Same as my reply, but you are just placing replacing my mention of "effort" with "incurring cost". I guess it is another leap in mental agility to associate effort with cost, and so you've made it even clearer.
Shmerl 12 August 2018 at 4:43 pm UTC
g000hWell, to speak the obvious, it is that the better we have Windows games run under WINE, then the less motivated will be game developers to release native ports.

I don't find this argument compelling. Those developers who don't make native releases are already using various wrappers, so if Wine is an option for that, I don't see a problem. Even better if they'll use FOSS tools for their releases.

On the other hand, those who are making native releases through common engines like Unity or Unreal and etc. will continue doing it. There is a relatively small group of those who are making native releases using custom engines (Nightdive, THQ Nordic and some others), and I don't think Wine has any effect on them.

Whitewolfe80Oh i actually have to explain it. If i am a game dev and I have some linux users asking for a port now currently the options are one do it in house which means hiring staff two have feral do it which obivously incurs costs. Or 3 do nothing and wait for linux users to buy windows copies and play it through wine meaning i have to do fuck all and i still get 100 percent profit. Which one would you choose if its anything other than option 3 your lying or have never worked in large corporation.

If some developers don't want to support their users, finding excuses is simply hiding that. The problem is that they don't want to support them. Wine or not has nothing to do with it. There are many developers who support their users because they see it as a proper way to release games.


Last edited by Shmerl at 12 August 2018 at 4:48 pm UTC. Edited 5 times.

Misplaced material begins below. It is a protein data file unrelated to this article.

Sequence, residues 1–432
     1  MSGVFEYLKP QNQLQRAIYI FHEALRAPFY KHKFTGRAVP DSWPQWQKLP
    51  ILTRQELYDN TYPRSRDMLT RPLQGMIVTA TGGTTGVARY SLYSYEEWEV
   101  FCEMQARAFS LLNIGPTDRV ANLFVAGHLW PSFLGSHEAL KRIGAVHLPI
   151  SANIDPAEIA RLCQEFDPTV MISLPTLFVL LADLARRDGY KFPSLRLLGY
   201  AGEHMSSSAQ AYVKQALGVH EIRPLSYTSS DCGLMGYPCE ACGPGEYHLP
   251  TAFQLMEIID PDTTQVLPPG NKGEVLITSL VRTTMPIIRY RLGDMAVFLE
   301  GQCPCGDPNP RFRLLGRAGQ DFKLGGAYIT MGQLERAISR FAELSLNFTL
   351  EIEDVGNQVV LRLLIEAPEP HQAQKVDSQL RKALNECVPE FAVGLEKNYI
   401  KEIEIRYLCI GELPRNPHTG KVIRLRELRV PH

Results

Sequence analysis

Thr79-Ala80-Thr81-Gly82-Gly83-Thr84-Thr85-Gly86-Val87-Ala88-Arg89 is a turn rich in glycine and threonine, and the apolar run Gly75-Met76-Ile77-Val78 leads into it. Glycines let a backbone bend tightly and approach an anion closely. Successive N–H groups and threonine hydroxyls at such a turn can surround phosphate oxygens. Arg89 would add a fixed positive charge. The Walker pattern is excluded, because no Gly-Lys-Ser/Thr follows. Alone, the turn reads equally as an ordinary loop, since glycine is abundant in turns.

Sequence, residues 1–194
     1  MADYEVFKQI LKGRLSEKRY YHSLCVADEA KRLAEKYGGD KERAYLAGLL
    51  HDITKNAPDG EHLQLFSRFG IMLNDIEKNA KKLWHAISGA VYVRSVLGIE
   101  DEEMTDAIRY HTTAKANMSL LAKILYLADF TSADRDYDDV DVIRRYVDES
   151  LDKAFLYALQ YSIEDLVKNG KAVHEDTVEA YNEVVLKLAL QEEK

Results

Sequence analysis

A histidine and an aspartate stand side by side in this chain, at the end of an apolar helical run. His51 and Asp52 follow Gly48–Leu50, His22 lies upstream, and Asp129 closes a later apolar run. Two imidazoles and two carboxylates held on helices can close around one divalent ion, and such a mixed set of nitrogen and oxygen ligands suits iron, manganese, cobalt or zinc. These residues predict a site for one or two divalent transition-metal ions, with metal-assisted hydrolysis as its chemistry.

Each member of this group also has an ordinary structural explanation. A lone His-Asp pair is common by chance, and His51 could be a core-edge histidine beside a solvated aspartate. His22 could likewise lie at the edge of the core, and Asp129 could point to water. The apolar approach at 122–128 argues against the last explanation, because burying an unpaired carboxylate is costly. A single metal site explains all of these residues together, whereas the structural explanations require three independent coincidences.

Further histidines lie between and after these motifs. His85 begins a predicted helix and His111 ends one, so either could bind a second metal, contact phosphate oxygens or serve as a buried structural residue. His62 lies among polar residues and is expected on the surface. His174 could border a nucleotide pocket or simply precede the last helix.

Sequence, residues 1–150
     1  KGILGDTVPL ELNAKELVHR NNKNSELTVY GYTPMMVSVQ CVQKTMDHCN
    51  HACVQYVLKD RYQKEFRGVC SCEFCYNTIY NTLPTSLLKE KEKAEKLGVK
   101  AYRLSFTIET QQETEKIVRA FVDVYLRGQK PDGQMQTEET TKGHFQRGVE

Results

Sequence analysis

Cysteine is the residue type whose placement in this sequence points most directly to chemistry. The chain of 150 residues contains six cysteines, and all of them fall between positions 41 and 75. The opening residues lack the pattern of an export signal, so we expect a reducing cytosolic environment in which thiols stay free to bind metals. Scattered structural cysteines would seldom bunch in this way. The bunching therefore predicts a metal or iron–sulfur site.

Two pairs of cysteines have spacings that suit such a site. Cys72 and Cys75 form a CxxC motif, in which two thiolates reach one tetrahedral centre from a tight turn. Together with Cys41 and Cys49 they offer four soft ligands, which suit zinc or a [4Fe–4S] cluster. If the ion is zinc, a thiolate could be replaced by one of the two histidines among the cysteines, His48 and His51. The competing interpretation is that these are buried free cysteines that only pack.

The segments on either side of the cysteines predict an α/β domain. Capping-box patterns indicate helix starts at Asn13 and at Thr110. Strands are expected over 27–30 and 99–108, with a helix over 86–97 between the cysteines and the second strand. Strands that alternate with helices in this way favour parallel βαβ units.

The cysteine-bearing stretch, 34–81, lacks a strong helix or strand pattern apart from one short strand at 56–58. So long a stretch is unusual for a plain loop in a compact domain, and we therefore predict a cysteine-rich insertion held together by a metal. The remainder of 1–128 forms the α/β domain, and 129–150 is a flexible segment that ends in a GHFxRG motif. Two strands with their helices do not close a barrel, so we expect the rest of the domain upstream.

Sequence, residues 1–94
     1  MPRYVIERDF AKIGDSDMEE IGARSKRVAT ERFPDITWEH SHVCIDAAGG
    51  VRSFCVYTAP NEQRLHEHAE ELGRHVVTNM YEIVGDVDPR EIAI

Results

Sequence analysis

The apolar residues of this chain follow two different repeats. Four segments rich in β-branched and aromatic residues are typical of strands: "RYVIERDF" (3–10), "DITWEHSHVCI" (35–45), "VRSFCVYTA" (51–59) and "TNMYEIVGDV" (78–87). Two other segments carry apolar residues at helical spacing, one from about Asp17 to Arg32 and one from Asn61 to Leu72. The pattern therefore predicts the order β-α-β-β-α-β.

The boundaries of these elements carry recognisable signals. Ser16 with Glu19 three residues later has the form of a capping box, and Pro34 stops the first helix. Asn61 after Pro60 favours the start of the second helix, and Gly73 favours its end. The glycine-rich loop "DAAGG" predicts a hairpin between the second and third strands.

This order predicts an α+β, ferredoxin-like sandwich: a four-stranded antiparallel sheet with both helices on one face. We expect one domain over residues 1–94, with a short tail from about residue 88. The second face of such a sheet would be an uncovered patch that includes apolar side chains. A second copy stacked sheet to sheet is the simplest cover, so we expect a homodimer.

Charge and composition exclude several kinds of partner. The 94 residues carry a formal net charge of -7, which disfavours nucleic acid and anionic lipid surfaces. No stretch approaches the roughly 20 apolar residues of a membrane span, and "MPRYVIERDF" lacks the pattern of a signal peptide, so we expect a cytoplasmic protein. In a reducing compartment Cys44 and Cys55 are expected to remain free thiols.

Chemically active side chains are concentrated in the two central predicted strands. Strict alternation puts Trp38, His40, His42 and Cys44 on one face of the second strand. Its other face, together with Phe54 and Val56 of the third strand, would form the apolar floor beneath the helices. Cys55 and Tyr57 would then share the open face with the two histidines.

Avehicle7887 12 August 2018 at 7:13 pm UTC
I don't believe Wine/DXVK has an effect with a devs' support, some companies refuse outright to support our platform and the ones that do still provide native games despite the Win version running perfectly in Wine.

For one I'm grateful these 2 amazing project exist, unfortunately it's not always possible for a game to come to Linux and it's nice to know there's still a way to play them.


Last edited by Avehicle7887 at 12 August 2018 at 7:17 pm UTC
g000h 12 August 2018 at 7:33 pm UTC
Avehicle7887I don't believe Wine/DXVK has an effect with a devs' support, some companies refuse outright to support our platform and the ones that do still provide native games despite the Win version running perfectly in Wine.

For one I'm grateful these 2 amazing project exist, unfortunately it's not always possible for a game to come to Linux and it's nice to know there's still a way to play them.

There are some non-obvious effects. Devs are very much affected by analytics data. A game bought for playing on Windows (i.e. WINE) because the Linux port is delayed (for instance), produces stats that it was a Windows purchase. As such, the overall game stats might indicate lower Linux market share than it ought to achieve. If the game achieves 5% Linux market share, then it might be cost effective to release to Linux on the next game release. However, if the game achieves 1% Linux market share, then future games might be deemed not worth porting.

I agree about the other factors you're mentioning, namely:
- Thanks to WINE to give Linux gamers the possibility to play games only released to Windows (and never coming to Linux)
- Yes, there are game studios which will only release to Windows (or to Playstation, or to Switch) but my point was about studios that are likely to release to Linux, not ones that will never do so (under current market conditions).